Incapable of dismissal?
An employer's responsibility for an employee's medical condition does not guarantee a good unfair dismissal claim following termination on grounds of capability
An employer causes an employee’s illness and then dismisses her on grounds of capability. An open and shut unfair dismissal finding, you might think. However, this was the scenario played out in Royal Bank of Scotland v McAdie, unreported, UKEAT/0268/06/ZT, the decision in which makes interesting reading.
Mrs McAdie had been a customer services officer with NatWest since 1983 and continued working after the bank was acquired by the Royal Bank of Scotland. In her 20th year of service, she found herself temporarily transferred from Bromley to Swanley. She complained to her manager and found him “inappropriately authoritarian and unsympathetic” in his response. Unhappy about the transfer and the way her manager was dealing with her complaint, Mrs McAdie went off sick with symptoms subsequently diagnosed as work-related stress. She also pursued a grievance through various stages.
The treatment of Mrs McAdie’s complaints left something to be desired. Initial delays by the manager in dealing with her correspondence were compounded by delays in arranging a first stage hearing. In turn, this hearing was not felt to have fully addressed the issues. Mrs McAdie lodged an appeal which took place by way of “desktop review”. It was rejected on what the EAT described as the “erroneous” basis that the complaints had been fully investigated at first stage and no evidence of inappropriate behaviour had been found.
To ignore or not to ignore
After some months, the bank commenced its long-term sickness procedure, ultimately resulting in Mrs McAdie’s dismissal on grounds of ill health, after she had rejected the offer of a return to a different role in a location of her choice. Mrs McAdie had insisted the only suitable resolution would be for her to leave the bank with compensation.
An employment tribunal upheld her unfair dismissal claim, concluding that the bank was responsible for her ill health as a result of the manner in which it dealt with her grievance. However, the EAT overturned this decision having considered three previous cases: London Fire and Civil Defence Authority v Betty  IRLR 384; Edwards v Governors of Hanson School  IRLR 132; and Frewin v Consignia (unreported, EAT/0981/02).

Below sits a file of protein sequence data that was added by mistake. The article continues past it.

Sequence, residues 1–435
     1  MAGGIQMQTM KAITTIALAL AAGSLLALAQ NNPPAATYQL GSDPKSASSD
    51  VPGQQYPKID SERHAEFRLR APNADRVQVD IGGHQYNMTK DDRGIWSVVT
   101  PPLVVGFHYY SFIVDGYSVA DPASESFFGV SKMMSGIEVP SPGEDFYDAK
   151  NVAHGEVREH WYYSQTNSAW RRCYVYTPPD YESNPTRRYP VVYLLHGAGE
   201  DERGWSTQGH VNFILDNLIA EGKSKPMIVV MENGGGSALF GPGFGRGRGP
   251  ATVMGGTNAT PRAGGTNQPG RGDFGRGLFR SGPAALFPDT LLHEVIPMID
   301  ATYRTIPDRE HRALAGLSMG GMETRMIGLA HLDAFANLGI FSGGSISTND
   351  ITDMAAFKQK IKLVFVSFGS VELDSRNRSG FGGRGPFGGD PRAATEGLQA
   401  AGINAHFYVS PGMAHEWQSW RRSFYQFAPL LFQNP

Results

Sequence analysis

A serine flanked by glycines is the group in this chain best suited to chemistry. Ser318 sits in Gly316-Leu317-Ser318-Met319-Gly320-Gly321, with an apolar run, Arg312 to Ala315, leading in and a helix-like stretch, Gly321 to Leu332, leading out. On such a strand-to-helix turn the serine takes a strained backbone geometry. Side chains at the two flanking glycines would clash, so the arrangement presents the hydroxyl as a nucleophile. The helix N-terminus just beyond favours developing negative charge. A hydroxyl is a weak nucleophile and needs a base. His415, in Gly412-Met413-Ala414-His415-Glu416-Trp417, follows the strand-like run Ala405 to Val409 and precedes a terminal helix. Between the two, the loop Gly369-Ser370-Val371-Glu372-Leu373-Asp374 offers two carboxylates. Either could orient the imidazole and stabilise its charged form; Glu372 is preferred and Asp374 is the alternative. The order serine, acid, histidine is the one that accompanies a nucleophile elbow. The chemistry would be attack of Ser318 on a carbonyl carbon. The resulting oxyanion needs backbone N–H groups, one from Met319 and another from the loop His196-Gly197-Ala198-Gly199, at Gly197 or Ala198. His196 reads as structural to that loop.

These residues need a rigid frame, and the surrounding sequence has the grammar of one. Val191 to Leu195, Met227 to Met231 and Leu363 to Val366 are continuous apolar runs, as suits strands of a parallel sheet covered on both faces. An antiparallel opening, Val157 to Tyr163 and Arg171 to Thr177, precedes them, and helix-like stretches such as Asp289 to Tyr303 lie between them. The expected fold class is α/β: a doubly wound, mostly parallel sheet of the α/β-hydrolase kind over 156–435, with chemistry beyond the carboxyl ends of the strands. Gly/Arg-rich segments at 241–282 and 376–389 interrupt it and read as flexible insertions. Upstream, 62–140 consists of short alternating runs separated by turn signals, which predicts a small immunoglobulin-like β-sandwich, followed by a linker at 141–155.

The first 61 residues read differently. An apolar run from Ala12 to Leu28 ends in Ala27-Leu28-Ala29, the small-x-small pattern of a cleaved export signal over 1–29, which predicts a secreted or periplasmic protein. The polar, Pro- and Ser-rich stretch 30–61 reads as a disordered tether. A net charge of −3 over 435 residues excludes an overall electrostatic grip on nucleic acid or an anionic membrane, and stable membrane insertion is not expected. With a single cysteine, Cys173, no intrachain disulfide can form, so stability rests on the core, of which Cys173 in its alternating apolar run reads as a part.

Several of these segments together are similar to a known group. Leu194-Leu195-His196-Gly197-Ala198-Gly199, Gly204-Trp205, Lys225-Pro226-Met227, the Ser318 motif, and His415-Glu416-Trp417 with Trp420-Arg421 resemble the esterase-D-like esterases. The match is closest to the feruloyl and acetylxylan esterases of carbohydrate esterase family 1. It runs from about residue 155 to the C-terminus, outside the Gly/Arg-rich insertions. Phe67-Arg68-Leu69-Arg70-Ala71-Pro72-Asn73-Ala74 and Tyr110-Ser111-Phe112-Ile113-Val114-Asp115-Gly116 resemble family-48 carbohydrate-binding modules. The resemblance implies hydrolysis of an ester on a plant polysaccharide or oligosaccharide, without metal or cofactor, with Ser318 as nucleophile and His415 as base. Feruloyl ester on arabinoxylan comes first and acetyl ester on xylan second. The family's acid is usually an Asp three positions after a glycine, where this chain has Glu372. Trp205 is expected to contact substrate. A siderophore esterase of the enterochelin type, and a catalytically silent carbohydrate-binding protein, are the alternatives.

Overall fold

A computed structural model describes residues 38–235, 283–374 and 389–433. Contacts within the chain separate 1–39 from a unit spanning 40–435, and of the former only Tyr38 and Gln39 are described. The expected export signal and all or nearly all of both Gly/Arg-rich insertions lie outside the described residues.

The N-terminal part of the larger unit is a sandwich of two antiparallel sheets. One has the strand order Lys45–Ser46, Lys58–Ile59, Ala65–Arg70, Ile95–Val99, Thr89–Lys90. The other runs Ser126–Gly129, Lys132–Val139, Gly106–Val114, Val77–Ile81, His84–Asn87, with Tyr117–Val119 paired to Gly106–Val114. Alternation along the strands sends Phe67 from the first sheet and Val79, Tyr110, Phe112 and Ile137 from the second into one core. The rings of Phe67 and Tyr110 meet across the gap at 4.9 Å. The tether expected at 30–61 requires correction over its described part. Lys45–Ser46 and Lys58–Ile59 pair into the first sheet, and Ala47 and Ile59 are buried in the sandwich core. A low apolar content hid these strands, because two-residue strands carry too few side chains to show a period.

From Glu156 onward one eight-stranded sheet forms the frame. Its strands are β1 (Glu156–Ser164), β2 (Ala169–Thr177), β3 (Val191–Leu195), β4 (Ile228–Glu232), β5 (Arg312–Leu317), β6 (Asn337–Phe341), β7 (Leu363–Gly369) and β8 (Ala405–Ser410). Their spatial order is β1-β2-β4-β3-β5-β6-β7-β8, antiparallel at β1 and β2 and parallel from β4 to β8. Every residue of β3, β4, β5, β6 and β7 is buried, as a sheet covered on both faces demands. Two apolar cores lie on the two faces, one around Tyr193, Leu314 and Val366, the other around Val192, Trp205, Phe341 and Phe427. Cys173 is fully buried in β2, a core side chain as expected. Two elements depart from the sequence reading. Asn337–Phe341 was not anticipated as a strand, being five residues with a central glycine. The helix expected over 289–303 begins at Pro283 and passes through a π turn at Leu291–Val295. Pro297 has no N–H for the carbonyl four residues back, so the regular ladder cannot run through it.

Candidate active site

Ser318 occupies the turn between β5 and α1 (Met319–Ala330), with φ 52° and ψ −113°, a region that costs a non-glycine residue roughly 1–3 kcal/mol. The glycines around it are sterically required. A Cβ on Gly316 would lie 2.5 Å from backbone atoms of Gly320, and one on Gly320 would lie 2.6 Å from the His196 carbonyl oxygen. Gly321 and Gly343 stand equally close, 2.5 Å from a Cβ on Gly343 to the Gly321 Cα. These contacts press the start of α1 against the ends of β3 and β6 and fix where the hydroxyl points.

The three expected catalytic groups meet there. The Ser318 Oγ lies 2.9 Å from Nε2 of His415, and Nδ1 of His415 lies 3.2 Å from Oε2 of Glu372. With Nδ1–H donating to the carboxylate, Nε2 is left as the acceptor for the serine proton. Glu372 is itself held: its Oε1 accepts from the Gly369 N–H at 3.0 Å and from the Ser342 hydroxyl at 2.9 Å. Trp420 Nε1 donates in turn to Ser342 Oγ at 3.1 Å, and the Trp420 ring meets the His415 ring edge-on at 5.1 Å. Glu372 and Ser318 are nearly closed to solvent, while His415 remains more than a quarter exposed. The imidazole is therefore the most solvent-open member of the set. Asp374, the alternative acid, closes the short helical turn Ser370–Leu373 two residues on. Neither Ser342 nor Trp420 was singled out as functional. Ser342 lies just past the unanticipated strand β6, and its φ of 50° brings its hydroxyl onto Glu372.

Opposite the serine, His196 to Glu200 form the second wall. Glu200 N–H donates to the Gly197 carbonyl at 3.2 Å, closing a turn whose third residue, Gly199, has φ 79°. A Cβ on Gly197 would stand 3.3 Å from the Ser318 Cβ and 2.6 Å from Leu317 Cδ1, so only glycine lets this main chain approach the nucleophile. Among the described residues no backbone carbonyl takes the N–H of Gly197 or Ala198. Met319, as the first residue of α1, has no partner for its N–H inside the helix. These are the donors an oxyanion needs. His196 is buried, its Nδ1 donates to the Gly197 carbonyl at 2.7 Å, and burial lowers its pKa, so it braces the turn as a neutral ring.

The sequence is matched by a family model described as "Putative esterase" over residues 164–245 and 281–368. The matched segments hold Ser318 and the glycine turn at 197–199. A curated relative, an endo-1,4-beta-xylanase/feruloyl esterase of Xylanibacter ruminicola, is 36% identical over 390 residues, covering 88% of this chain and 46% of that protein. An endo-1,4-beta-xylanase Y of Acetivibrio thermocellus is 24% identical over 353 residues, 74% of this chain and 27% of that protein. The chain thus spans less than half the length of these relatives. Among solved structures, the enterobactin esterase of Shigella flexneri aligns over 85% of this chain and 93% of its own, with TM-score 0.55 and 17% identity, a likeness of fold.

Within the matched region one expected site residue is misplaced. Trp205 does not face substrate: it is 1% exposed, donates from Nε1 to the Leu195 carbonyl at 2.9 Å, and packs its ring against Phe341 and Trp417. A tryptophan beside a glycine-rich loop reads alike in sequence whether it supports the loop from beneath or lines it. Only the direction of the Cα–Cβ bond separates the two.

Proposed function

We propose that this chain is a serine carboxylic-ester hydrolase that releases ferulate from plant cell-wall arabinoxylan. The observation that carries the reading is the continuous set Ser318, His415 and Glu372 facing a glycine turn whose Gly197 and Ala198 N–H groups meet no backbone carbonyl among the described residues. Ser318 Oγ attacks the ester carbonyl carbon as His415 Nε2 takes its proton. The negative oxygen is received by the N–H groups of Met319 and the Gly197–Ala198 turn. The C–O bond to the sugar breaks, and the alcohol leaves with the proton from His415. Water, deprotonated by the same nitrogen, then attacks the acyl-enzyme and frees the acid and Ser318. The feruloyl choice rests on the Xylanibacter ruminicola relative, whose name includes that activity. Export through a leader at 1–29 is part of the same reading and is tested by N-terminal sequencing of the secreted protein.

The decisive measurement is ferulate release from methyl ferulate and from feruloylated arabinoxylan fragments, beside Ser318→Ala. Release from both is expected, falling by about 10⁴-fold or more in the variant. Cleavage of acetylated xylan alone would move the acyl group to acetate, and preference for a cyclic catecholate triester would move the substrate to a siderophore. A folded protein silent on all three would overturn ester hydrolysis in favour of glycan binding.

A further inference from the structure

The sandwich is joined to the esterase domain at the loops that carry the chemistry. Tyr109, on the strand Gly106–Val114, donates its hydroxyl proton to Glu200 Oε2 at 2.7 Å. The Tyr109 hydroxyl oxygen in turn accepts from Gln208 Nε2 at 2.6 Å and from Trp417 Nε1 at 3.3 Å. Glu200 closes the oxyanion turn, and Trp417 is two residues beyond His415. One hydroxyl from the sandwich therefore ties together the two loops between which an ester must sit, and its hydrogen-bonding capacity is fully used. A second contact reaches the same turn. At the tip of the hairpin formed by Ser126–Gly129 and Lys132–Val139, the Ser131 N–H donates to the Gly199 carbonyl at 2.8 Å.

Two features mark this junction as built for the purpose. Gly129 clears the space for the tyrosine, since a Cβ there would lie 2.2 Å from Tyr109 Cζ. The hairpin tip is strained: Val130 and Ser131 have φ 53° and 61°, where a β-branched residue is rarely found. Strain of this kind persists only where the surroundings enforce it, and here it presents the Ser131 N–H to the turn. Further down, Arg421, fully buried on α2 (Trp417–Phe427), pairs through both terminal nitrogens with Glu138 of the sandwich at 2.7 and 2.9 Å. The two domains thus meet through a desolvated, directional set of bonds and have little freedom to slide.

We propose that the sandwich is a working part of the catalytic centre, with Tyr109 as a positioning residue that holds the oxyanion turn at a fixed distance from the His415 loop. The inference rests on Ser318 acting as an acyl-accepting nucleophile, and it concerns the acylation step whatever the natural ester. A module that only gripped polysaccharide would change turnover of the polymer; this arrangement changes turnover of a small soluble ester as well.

In the first, Betty, the EAT appeared to say that a tribunal should ignore the fact an employer has been responsible for any incapacity resulting in dismissal when deciding whether the termination was reasonable. However, as respects Edwards and Frewin the EAT in the instant case felt that this overstated the position. In its view, there will be cases where, as a matter of common sense and fairness, the fact that the employer is in some sense responsible for an employee’s incapacity will be relevant to whether and when it is reasonable to dismiss for that incapacity: in other words the employer will be expected to “go the extra mile” in finding alternative employment for such an employee, or put up with longer periods of absence than might otherwise be considered reasonable.
Consideration of these decisions led the EAT in McAdie to conclude that while, on the one hand, the tribunal should not ignore the fact that the employer caused the ill health, on the other, the fact that it did so, however culpably, cannot prevent it from effecting a fair dismissal.
Other potential claims
Applying these principles, the EAT felt the decision to dismiss was within the range of reasonable responses. The medical evidence was unequivocal that Mrs McAdie was unfit for work. She herself agreed with this and wanted her employment to terminate (albeit with compensation). As there was nothing more the bank could have done to secure Mrs McAdie’s employment, the EAT held there was no alternative to dismissal.
This decision will provide some comfort to respondent clients faced with the long-term sickness of an employee. However, it must be remembered that staying on the right side of the unfair dismissal provisions in the Employment Rights Act 1996 does not mean an employer is home and dry.
Mrs McAdie’s normal day-to-day activities were not felt to have been sufficiently adversely affected to bring her within the Disability Discrimination Act 1995, but this possibility should always be at the forefront of an employer’s thoughts, along with the prospect of a personal injury claim. Where bullying or harassment is alleged to have caused the illness, there is potential for a claim under the various pieces of equality legislation, with the likelihood of an injury to feelings claim included. Alternatively, the Protection from Harassment Act 1997 could be used by an individual following the recent cases of Majrowski v Guy’s and St Thomas’ NHS Trust  UKHL 34 and Green v Deutsche Bank Group Services  EWHC 1898.
When advising clients, bear in mind that prevention is always better than cure. Effective management at the outset in this case could have prevented both the tribunal proceedings and, more importantly, Mrs McAdie’s ill health.
Jane Fraser, Head of Employment, Pensions and Benefits, Maclay Murray & Spens